BEIRUT – A Lebanese bank employees’ union urged on Monday its members to go on strike, adding to the woes the country’s financial sector has suffered in 25 days of nationwide protests.
The union said in a statement on Facebook the decision to start a strike on Tuesday until calm returns to resume normal operations was taken in an emergency meeting over safety reasons.
“The bank sector witnessed last week instability that led to unacceptable working conditions,” it said.
“Workers were sworn at and even attacked by depositors … in addition to chaos in a number of bank branches.”
Banks shut their doors when the protests broke out on October 17 and reopened after a two-week closure.
Restrictions were imposed on people withdrawing United States dollars from foreign currency accounts last month as a result of the mass rallies.
People in Lebanon widely use US dollars in day-to-day dealings.
Garabed Khachadour, a 25-year-old student, told EFE: “I needed to withdraw $1,000 a few days ago from my account at Byblos Bank, but they rejected my order.
“Then I tried a smaller amount ($500) but was also declined. I could only withdraw $200 from the ATM.”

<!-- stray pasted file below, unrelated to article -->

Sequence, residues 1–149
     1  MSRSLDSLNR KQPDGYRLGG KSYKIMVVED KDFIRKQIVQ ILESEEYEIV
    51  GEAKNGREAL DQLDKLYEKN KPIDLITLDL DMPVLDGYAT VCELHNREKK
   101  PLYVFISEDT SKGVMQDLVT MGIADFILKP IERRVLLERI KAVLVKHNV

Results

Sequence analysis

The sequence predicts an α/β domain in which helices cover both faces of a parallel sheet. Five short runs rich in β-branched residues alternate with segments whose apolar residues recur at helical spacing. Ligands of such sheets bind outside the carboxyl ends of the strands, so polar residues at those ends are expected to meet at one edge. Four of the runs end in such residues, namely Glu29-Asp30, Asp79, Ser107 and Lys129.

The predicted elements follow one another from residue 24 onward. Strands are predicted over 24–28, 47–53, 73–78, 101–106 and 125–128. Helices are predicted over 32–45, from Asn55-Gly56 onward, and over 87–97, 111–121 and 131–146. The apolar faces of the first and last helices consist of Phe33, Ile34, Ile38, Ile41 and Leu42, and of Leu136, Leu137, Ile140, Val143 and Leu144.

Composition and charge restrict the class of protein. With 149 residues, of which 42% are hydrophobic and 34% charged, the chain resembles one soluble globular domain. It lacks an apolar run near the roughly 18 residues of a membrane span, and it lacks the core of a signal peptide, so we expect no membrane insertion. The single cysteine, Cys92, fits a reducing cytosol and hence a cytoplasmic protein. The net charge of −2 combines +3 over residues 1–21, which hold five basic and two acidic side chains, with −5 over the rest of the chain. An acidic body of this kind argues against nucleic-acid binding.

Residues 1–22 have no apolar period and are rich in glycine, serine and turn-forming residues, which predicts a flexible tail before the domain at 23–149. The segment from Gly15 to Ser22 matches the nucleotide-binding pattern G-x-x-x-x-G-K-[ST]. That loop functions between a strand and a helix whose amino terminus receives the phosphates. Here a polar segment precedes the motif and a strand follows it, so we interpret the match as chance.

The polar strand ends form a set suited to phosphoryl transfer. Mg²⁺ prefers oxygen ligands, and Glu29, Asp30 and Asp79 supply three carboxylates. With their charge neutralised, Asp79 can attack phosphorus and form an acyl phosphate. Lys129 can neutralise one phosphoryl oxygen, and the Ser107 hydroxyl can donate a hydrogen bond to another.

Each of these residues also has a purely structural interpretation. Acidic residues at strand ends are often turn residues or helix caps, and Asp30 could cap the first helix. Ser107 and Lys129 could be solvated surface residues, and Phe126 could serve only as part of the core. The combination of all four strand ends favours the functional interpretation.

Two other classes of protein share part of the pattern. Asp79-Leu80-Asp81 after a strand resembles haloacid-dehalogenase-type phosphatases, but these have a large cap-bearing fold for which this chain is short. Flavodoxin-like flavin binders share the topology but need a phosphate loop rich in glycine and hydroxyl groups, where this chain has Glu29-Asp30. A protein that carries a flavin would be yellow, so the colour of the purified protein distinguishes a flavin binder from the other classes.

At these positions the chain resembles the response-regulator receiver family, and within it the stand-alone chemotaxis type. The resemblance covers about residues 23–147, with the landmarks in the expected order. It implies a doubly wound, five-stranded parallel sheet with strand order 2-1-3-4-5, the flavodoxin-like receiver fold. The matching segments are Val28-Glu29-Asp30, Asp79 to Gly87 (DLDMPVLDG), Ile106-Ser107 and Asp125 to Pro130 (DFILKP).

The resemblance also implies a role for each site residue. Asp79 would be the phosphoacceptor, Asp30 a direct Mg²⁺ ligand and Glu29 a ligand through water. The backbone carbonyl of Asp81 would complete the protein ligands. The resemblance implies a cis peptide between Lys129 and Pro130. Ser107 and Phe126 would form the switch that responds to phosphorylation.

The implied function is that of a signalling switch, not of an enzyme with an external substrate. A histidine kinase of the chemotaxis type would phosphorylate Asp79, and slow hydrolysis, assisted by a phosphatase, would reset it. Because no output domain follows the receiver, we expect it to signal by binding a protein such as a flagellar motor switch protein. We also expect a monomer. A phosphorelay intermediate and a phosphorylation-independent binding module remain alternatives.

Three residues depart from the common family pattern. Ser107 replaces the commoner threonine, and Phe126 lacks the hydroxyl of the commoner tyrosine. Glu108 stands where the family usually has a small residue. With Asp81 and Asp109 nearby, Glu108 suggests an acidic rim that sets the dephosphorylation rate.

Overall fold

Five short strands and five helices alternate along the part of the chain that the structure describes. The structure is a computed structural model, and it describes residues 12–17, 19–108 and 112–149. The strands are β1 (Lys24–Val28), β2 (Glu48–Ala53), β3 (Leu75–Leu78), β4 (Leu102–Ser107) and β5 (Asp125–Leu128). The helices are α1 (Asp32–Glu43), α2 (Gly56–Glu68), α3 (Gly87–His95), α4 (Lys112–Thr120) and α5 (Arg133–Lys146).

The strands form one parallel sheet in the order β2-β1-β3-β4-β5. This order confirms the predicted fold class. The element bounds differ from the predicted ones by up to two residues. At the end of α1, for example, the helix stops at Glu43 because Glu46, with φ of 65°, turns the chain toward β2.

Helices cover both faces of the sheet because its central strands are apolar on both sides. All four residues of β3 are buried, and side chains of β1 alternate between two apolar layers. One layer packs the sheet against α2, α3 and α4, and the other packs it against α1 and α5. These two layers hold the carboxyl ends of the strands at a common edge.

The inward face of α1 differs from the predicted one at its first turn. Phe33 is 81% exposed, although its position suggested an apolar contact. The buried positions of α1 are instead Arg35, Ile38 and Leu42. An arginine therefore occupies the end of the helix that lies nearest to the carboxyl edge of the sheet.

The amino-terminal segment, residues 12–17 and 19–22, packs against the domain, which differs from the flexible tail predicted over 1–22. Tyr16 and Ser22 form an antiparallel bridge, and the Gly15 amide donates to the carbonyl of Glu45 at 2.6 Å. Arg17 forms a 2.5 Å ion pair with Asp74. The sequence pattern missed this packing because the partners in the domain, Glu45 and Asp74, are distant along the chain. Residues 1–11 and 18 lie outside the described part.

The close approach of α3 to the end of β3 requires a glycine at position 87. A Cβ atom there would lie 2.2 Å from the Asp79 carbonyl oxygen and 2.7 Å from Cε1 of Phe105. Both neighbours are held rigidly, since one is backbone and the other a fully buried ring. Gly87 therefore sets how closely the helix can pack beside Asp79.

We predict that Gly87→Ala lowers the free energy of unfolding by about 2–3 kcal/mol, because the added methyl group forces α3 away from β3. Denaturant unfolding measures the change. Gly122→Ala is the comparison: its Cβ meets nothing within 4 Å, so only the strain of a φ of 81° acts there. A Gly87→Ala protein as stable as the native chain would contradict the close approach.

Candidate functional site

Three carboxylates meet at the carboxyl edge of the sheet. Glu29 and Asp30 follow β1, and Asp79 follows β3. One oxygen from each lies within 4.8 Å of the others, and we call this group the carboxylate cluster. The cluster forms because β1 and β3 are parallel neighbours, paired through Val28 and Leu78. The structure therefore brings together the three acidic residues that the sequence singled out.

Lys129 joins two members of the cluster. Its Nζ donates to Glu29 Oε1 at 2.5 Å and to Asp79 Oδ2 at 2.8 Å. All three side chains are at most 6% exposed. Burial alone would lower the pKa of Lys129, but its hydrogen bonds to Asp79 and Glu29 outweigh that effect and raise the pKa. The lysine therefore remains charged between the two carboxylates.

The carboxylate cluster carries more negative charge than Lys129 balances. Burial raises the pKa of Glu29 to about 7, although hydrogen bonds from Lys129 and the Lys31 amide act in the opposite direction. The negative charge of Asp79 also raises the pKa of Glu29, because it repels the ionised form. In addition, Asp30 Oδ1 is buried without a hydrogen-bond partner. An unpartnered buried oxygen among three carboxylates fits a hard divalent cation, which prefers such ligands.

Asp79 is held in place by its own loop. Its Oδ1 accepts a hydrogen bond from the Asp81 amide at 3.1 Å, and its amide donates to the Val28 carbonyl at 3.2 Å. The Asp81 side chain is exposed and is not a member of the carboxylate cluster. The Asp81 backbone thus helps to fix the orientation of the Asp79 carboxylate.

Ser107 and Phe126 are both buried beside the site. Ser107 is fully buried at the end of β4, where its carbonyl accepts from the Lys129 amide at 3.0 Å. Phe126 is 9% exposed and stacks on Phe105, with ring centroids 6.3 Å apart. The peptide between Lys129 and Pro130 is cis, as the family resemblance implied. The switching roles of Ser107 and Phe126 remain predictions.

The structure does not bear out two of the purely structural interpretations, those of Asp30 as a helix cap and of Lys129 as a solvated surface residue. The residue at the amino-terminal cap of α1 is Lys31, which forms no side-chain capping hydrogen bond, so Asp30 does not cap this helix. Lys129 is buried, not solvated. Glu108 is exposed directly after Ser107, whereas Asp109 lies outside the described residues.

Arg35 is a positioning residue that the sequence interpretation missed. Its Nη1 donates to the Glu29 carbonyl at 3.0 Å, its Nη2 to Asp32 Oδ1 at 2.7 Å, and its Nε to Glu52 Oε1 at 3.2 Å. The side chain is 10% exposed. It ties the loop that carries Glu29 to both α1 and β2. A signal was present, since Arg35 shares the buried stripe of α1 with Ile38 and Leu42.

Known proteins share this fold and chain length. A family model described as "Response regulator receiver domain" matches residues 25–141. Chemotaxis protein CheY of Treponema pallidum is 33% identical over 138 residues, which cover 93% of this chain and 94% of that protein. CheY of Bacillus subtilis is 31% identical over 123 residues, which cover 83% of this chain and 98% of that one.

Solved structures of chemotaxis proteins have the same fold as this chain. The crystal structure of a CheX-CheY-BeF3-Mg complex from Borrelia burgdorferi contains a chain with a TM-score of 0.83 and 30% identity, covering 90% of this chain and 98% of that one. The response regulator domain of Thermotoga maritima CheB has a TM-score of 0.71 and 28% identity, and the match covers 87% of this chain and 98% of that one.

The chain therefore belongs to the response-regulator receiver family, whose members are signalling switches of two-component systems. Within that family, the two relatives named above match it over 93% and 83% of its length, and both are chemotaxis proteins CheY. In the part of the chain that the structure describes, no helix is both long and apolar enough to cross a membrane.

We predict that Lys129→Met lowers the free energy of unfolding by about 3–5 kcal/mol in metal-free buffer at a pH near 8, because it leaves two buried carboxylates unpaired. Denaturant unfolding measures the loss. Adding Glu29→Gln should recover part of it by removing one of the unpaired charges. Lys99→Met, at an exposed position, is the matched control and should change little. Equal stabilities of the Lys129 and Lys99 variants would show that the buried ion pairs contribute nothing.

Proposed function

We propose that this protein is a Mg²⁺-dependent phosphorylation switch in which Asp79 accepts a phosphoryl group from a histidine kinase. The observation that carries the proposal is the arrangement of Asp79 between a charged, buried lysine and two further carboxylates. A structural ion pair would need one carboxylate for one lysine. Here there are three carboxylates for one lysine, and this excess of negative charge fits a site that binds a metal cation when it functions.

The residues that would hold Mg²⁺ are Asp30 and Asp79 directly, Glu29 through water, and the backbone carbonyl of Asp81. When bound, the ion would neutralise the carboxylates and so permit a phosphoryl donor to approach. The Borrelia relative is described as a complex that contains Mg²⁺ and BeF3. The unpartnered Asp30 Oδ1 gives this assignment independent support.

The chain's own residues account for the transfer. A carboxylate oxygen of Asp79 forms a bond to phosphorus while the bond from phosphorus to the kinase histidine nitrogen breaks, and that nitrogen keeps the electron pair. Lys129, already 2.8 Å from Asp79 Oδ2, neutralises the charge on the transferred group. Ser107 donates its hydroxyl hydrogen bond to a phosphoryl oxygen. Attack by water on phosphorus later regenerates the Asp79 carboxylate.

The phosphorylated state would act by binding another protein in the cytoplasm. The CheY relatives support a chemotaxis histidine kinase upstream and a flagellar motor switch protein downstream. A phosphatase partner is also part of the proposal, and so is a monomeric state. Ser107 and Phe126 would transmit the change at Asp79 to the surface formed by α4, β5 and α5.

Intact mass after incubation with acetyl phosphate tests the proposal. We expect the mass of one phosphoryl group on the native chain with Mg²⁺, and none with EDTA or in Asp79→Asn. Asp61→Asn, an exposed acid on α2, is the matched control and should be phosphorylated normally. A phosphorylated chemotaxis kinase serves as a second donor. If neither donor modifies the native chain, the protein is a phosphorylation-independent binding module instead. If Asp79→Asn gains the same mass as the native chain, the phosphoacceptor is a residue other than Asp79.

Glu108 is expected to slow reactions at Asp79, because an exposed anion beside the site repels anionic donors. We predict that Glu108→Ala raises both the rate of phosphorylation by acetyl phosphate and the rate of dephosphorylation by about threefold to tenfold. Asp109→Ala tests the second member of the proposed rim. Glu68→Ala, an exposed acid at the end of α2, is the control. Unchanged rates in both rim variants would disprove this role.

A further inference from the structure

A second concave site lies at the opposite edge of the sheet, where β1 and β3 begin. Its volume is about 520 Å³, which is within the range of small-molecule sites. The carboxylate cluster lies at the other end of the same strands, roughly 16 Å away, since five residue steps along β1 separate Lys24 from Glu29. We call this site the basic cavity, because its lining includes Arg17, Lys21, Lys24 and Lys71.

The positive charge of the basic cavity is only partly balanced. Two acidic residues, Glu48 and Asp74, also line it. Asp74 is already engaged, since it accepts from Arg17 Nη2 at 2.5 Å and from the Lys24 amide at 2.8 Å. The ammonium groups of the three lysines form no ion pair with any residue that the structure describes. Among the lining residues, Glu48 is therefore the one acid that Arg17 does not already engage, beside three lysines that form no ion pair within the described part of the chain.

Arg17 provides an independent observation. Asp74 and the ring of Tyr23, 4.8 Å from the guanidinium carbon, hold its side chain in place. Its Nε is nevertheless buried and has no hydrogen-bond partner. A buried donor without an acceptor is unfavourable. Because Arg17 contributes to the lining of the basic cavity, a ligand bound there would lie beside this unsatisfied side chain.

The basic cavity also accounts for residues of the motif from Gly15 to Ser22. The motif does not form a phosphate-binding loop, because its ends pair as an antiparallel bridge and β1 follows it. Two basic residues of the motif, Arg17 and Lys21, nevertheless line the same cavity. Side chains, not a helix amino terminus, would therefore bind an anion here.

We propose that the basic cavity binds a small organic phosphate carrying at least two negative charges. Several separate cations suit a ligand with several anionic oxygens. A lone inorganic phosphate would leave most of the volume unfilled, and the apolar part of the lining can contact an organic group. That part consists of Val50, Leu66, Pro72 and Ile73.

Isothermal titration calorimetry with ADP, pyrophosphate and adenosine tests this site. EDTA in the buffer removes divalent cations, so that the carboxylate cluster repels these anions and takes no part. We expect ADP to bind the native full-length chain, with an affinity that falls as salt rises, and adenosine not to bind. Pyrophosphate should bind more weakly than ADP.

Another student, Lamis Amhaz, said: “I usually get paid in dollars from my online editing work and OMT (money transfer service).
“This time OMT refused to give me the cash in dollars and, instead, I picked it up in Lebanese pounds.”
Lebanon’s central bank governor Riad Salameh promised on Monday to protect depositors and deposits.
“We have informed banks that they can borrow from the Central Bank in dollars,” he added.
“However, these funds are not to be transferred abroad but are solely meant for Lebanese local use,” he said in a televised speech.
Protests across Lebanon started in response to the government’s plan to impose taxes on messaging apps such as WhatsApp.
Demonstrators quickly turned to a broader denunciation of pervasive corruption and the ruling class in a nation with one of the world’s highest levels of economic inequality.
Prime Minister Saad Hariri announced his resignation, bowing to one of the key demands laid down by the protesters.
President Michel Aoun has not yet started consultations to appoint a new leader.
Activists have been calling for a government of technocrats as political posts in Lebanon are allocated by religion.